United Utilities is the largest listed water company in the UK, serving a population of 7 million in North West England. As well as the supply of clean water, it also manages and treats sewage for this same population, distributed across the counties of Cumbria, Lancashire, Cheshire and a part of Derbyshire, as well as the large conurbations of Merseyside and Manchester.
Operations and a vast infrastructure are supported by a large and diverse fleet of 2,400 vehicles and recent initiatives are aimed at converting the entire fleet to green technology by 2028. It’s part of United Utilities’ wider ambition as signatories to the UN Race to Zero campaign, contributing to the UK water industry’s commitment to be net zero from 2030.
Essential Fleet Manager sat down with Steve Wolstenholme, Head of Fleet at United Utilities, who describes the background to their green initiatives and how they will be implemented.
Could you summarise the infrastructure that is maintained and developed by United Utilities, to give us a true picture of the scale of your operations?
United Utilities employs more than 5,000 employees and provides water and wastewater services for 7 million people across the North West region. From urban areas like the cities of Manchester and Liverpool to the remote Lakeland fells and the Pennine Moors, it’s a highly diverse geographic area.
We own and manage over 56,000 hectares of land, mostly around our reservoirs, making us the largest corporate landowner in England.
We supply 1,800 million litres of water a day through a network of 88 water treatment plants and 42,000km of water pipes. And after our customers have finished with the water, we transport it through 77,000km of sewers to be treated at one of our 570 wastewater treatment works before it is returned clean to the environment.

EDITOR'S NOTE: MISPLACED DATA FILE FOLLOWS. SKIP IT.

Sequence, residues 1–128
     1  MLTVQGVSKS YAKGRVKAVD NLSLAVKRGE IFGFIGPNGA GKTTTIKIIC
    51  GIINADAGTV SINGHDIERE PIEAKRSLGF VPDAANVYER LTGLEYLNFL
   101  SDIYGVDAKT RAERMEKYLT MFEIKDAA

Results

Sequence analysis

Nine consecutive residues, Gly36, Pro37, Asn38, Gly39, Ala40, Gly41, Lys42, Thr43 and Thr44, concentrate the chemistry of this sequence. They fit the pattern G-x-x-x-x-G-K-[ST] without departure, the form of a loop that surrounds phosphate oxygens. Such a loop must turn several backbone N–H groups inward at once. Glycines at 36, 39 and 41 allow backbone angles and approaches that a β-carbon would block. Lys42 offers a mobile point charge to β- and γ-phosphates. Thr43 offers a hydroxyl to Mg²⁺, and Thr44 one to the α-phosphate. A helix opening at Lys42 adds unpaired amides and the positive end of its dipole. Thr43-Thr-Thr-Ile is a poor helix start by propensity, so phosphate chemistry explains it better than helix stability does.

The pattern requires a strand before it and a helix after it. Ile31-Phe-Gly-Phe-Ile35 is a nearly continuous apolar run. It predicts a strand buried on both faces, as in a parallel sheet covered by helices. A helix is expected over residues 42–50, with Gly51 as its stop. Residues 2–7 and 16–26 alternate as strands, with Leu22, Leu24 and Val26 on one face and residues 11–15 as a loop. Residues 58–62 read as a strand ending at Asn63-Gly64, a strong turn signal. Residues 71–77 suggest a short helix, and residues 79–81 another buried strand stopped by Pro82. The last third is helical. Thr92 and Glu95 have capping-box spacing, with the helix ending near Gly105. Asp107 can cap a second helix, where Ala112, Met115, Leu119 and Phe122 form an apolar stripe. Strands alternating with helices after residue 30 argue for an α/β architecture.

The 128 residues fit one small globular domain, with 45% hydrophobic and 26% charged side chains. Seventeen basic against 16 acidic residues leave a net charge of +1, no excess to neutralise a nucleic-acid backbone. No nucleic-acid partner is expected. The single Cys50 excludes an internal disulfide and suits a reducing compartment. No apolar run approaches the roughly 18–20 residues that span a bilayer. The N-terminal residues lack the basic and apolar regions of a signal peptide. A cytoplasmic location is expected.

What is the current breakdown of your fleet assets and broadly speaking, how are they deployed?
United Utilities Fleet consists of over 2,400 vehicles including 190 HGVs. We have a diverse fleet ranging from company cars though to small, medium and large vans, and HGVs up to 44 tonnes. The HGVs are used in our water, wastewater and bioresource operations. For example our Alternative Supply Vehicles are used to maintain water supplies during planned maintenance or pipe bursts, and we also use HGVs to clear blockages in our sewer network, and to move treated and untreated waste.
What proportion of your fleet can be reviewed and assessed with a view to replacing with battery electric vehicles?
We have set the ambition to convert our entire fleet to green technology by 2028. Broadly speaking we are looking at implementing battery electric vehicles to replace our van and company car fleet. For the HGV fleet we are assessing a range of technologies including HVO and CNG.
How much more complicated is it to look at other parts of the fleet not currently suited to battery electric vehicles? What are the alternative green fuel options?
We have an incredibly diverse fleet due to the scale of United Utilities’ operation so one size doesn’t fit all when converting the fleet to green technologies. So far we have started deploying electric vehicles to replace some of our vans and pool vehicles, successfully implemented HVO into some of our Alternative Supply Vehicles by bunkering fuel on our site and have our first CNG trucks arriving this year for our Bioresources business.
We’re also about to launch a salary sacrifice scheme for our employees to help transition to electric vehicles for personal usage.
What are the main challenges that you have faced so far and with a range of issues such as supply chain constraints, what do you foresee on your road to your 2028 objective?